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Are You a Stressed Graduate?

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Are You a Stressed Graduate?

So, you’re almost there. You’ve made it to your senior year of high school, and by all indications, you will be graduating. You’ve worked hard, hopefully had a lot of fun, and now anxiety about the future sets in. All around you people are talking about testing and prep classes, grades and scores and AP tests. They’re talking about colleges and scholarships and financial aid and what they want to major in. And while all this is going on around you, you’re feeling lost, confused, scared and stressed out.

Do not fret. You are not alone. Throughout your lifetime, there will be periods of transitioning from one stage of life to the next. These will always be the most stressful times in your life. They can also be the most exciting. Think about the transition of being single to married, or a married couple becoming first-time parents. Those can all be considered stressful times, but also new and exciting and life altering. So, too, can this transition from high school student to young adult be all of those things for you.

So how can you navigate through all of this madness without losing your mind? How do you figure out what is right for you? How can you manage the stress and still enjoy your last year of high school and have fun? It’s not as hard as you might think. Here are some tips for how to make it through all of the chaos and make the decisions that are best for you.

  • First and foremost, remember that you are an individual. There is no one-size-fits-all for life. While others might be putting pressure on themselves to get high test scored, take AP classes, and go to top colleges, that isn’t necessarily what is right for you.
  • Let your passions and strengths guide you. Not everyone is meant to be an engineer. Not everyone can be an artist or a musician. I believe that by now, you have some idea of what your strengths, interests, and talents are. Let them guide you. Find your own pathway to success, no matter how traditional or non-traditional that might be.
  • If high test scores matter to you, then by all means, take a prep class. Budget your time so that you can still maintain your grades, work on test prep, and enjoy life.
  • If test scores don’t matter to you, then don’t waste your time, money, or stress on taking a prep class. Take the tests and see how you do, but don’t stress about them one bit.
  • According to the US Department of Education, the total number of 4 year degree granting institutions is 2364. This doesn’t even count 2 year colleges, trade school, and other options. Chances are, if you want to further your education, you can find a college or trade school to attend.
  • More and more colleges and universities are not requiring testing at all, or at least allowing you to choose which test to take, the SAT or the ACT. If you excel at one more than other, take that one. If you don’t wish to test at all, or don’t have high scores, your life is not over. You will still have plenty of options.
  • You are still young, and you might not know yet exactly what you want to be when you grow up. But if you at least have an idea what area or field interests you, let that guide you. Think about future career opportunities and how to best to achieve your goals. For example, if you want to be an artist, even though you might be able to get into a top college, does that program really help you achieve your career goals as much as attending an art school geared towards preparing you and helping you transition into a career?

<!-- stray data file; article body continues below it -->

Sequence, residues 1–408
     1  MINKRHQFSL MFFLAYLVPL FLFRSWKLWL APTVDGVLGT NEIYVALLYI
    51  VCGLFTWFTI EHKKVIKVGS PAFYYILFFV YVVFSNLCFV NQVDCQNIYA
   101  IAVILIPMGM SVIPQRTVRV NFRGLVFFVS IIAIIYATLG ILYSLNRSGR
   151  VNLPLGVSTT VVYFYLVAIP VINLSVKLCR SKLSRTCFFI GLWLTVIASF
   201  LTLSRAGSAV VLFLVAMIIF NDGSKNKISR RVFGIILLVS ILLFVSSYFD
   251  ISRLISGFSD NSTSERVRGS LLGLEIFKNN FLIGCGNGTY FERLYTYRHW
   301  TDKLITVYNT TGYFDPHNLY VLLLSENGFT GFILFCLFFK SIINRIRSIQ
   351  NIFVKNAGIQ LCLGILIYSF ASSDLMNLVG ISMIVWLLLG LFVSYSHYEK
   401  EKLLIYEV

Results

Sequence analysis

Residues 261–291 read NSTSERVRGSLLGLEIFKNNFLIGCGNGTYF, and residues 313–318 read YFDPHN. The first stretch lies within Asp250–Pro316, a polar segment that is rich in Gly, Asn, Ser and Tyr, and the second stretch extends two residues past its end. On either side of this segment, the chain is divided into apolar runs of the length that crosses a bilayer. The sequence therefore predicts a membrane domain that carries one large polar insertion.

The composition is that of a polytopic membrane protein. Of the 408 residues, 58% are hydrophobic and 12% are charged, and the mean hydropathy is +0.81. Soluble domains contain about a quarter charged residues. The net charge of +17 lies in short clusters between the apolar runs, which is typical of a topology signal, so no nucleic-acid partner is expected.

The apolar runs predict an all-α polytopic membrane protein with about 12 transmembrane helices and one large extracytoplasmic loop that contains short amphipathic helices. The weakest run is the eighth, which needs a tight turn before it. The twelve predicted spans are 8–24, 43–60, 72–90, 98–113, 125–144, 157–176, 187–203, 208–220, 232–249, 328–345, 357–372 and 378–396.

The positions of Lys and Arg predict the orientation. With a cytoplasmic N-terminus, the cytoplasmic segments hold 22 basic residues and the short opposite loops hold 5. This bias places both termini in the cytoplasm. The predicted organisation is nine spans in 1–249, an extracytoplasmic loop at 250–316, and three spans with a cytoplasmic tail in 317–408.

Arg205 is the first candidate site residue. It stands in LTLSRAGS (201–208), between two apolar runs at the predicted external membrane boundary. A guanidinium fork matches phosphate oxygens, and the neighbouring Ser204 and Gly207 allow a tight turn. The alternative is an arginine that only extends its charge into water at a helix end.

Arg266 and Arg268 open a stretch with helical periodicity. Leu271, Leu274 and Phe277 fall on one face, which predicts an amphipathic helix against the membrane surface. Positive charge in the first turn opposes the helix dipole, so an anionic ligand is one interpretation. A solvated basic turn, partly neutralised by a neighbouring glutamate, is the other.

• If your family is pressuring you to follow a path that doesn’t resonate with you, try not to yell and scream and argue. Make an effort to have a calm, rational and mature conversation about what your goals and desires really are. When expressed appropriately, your parents are more likely to be able to hear what you are saying. If they still can’t, try asking your school counselor to help you out.
  • Not everyone goes to college right after high school, or ever. Some people take a gap year or enter the work force or take some classes while also working. If this is possible for you, it is something to consider. Maybe you’re not ready to go right into a 4 year college. That is okay. The beautiful thing is that college is always there, and there are many paths you can follow to end up there, whenever, however, and wherever it is right for you.
  • Don’t be afraid to make mistakes. Mistakes are how we learn. You can try something and fail at it, and then try something else. This is always true in life. It does make you a failure. As a matter of fact, most successful people can attest to having failed many times along the way.

At the end of the day, you are becoming a young adult. It is time for you to take some control over you own decisions and your own future. Seek whatever guidance you need from parents, counselors, and others, and follow your gut. Your path is unique and only you know what that might be. If you make a wrong turn somewhere along the way, turn around and go a different way. Eventually, you will arrive at your destination.

Lori Freson Lori Freson is a Licensed Marriage and Family Therapist in Southern California. She has been working in the mental health field since 1997, and has been a licensed therapist since 2002. Lori currently works in her own thriving private practice in Encino and Sherman Oaks, where she serves the San Fernando Valley and Los Angeles areas.
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